In The SpotlightNewsletter Highlights

According to Asian Pacific American Heritage Month, the month of May was chosen for 2 reasons: it honors the first immigration of Japanese immigrants on May 7, 1843, and May 10 is the anniversary of the completion of the Transcontinental Railroad. Most of the workers who laid the tracks were Chinese immigrants. Here are some news and events that you might have missed!

This April, APIAVOTE launched an Asian-American Voter Engagement Effort for the 2024 Election Cycle. They have partnered with over 60 organizations to operate a multi-lingual AAPI voter protection hotline (888-API-VOTE), a voter education video series for 30 states, and Voter State Fact Sheets (like the one shown below for Michigan) for all 50 states!

“Asian Americans have been the fastest growing group of eligible voters in the U.S. over the past two decades, growing by 15 percent in the last four years alone, and Asian Americans have turned out in record numbers in every federal election since 2016,” said Christine Chen, Executive Director and Co-Founder of APIAVote. “This is all despite a historic lack of engagement by political campaigns and parties. In a year when voters across the board appear more disaffected and disillusioned than ever, our focus at APIAVote is to show that AAPI voters remain engaged in the democratic process and that political candidates and parties should never take them for granted.”



Detroit PBS Celebrates AAPI Heritage Month

Wednesday, May 13. Who Killed Vincent Chin?

On a hot summer night in Detroit in 1982, Ronald Ebens, an autoworker, killed Vincent Chin, a young Chinese American draftsman with a baseball bat. Although he confessed, he never spent a day in jail. This gripping Academy Award-nominated film relentlessly probes the implications of the murder, for the families of those involved, and for the American justice system. Who Killed Vincent Chin?, a legacy title from POV’s archives, was restored by the Academy of Motion Picture Arts and Sciences, and also added to the National Film Registry. Best Documentary Nominee, 61st Annual Academy Awards. Learn More Here. 11 pm ET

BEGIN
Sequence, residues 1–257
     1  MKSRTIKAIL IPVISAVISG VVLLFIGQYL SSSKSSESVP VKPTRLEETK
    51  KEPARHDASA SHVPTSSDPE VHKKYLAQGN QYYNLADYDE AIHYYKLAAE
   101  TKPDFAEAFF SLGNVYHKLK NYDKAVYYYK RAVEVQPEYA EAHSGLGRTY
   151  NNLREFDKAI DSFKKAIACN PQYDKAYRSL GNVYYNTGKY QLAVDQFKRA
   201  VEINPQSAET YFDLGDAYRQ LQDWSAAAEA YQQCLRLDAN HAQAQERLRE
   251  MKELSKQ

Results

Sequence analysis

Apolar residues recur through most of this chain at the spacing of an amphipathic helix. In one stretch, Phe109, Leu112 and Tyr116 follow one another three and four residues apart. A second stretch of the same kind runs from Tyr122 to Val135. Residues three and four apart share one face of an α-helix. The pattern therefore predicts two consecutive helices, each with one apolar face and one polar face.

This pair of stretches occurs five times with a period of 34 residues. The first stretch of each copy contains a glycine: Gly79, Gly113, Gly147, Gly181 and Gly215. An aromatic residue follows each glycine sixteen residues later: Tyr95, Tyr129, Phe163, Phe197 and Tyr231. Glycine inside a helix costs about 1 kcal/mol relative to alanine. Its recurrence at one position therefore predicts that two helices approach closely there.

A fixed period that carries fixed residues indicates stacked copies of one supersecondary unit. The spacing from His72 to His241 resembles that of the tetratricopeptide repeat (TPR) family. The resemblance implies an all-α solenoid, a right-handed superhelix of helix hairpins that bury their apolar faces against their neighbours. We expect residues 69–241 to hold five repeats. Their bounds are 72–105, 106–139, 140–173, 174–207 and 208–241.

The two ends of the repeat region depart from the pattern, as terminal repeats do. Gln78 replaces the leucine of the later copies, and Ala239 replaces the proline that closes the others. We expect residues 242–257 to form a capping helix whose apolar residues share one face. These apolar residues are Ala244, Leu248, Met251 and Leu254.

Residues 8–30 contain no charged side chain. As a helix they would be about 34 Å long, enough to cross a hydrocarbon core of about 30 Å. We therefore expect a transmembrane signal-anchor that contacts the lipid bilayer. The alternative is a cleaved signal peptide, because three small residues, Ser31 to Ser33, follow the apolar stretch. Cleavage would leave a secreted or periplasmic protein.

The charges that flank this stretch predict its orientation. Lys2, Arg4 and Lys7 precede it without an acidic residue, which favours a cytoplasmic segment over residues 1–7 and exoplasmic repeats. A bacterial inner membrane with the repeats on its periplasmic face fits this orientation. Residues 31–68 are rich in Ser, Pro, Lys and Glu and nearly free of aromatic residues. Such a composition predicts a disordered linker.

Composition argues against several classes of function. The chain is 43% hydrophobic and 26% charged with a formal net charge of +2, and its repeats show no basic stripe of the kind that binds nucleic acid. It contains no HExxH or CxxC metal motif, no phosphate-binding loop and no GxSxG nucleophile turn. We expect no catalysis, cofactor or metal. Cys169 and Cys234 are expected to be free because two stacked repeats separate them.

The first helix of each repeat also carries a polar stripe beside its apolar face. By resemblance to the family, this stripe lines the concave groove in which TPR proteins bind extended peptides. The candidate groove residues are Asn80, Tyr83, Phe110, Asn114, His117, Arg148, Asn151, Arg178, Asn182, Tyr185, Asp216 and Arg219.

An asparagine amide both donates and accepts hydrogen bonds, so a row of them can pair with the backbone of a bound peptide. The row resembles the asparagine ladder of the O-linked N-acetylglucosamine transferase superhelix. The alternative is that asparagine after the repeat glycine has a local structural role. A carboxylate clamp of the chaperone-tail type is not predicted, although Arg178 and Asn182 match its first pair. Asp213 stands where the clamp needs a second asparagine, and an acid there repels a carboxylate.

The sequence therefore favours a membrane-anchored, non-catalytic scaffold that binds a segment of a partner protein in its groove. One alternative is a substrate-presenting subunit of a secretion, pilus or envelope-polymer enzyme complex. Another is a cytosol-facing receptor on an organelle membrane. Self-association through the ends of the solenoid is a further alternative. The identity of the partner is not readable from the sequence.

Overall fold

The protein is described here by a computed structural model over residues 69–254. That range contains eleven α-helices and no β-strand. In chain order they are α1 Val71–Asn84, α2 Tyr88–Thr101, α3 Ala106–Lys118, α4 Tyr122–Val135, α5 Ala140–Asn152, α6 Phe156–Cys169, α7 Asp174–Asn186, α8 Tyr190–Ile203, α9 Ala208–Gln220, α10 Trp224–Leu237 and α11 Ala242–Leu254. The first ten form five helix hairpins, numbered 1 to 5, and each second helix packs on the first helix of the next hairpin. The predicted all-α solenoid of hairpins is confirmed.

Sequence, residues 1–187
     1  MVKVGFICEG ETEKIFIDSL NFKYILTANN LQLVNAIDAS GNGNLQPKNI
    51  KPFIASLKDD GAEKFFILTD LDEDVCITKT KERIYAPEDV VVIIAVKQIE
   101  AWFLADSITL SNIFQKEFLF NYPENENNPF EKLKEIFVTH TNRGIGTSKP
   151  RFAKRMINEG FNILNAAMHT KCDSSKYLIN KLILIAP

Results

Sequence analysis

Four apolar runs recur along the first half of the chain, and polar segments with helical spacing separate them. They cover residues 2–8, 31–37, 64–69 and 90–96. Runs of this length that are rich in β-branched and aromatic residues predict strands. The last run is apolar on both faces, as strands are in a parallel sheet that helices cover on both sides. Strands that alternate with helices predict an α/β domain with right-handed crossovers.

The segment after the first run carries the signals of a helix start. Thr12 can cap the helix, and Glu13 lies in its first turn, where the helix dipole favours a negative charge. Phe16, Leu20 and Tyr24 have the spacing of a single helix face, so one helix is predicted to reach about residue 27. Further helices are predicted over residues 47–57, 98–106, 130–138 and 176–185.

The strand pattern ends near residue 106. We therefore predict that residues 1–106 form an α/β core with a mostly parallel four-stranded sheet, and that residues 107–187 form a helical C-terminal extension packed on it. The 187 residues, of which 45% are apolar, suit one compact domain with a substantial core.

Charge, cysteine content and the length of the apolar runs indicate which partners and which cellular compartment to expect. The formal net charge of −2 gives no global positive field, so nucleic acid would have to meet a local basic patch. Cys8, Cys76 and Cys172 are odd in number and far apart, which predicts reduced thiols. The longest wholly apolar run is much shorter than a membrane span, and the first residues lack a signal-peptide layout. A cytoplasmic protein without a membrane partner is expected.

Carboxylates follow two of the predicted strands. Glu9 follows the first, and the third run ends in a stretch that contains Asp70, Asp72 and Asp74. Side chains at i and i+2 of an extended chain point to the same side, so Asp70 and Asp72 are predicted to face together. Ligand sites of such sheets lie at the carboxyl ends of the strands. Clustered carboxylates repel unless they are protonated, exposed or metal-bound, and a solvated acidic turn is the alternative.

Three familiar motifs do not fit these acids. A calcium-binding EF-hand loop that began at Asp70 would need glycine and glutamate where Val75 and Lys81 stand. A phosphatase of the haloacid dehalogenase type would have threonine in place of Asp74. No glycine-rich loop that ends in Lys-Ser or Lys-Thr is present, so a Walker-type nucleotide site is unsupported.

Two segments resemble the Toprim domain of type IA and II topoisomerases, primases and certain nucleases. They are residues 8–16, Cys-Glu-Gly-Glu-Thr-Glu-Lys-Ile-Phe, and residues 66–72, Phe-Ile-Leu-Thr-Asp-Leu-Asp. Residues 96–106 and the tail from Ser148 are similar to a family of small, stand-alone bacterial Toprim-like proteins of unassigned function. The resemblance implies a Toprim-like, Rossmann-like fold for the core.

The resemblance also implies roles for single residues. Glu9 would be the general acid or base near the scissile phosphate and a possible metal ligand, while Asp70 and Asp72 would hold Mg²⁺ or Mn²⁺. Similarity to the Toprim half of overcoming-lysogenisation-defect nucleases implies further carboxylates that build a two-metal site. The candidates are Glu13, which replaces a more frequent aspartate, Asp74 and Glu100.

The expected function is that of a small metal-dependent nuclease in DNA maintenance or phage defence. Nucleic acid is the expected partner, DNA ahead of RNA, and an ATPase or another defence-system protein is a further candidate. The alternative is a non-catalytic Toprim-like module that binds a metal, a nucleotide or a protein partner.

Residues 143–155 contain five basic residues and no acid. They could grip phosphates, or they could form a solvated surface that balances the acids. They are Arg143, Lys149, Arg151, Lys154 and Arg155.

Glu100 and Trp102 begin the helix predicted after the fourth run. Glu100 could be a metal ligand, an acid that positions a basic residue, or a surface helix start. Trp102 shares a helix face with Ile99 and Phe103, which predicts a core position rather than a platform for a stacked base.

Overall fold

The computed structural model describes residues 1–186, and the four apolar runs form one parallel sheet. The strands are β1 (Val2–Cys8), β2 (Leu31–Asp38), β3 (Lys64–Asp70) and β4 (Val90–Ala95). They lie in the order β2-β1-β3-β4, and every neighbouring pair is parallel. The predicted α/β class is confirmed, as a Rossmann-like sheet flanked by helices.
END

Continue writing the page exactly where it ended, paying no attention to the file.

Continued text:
The Asian Americans

Streaming On DPTV Passport

A 5-part series exploring the history of identity, contributions, and challenges experienced by Asian Americans.

Kylyn APIA Arts and Culture Festival including Panel Discussion, Lectures, and Presentations

This multi-day inaugural arts festival has numerous events, primarily located at the Ann Arbor District Library – Downtown Branch, 343 S. Fifth Ave, Ann Arbor, MI 48104

Film Screenings


Panel Discussions, Lectures, and Presentations

Imperial Moods: Mid-Century Music and the Cold War

Salty, Sticky, Sweet

Can Art Grace Our Troubled World

Stories We’re Told, Stories Well

The Fold of the Righteous

Learn More by visiting


The Unerased Book Club is a project of Rising Voices of Asian American Families, centered around growing connections within Michigan’s Asian American community by exclusively reading works from Asian American authors. New titles are selected on the first of each month and discussed in the book club’s virtual meetings. You can watch book discussions with the Unerased Book Club on AADL.TV and YouTube.

Teen Advisory Group (TAG) at Ypsilanti District Library Share Stop Asian Hate Booklist

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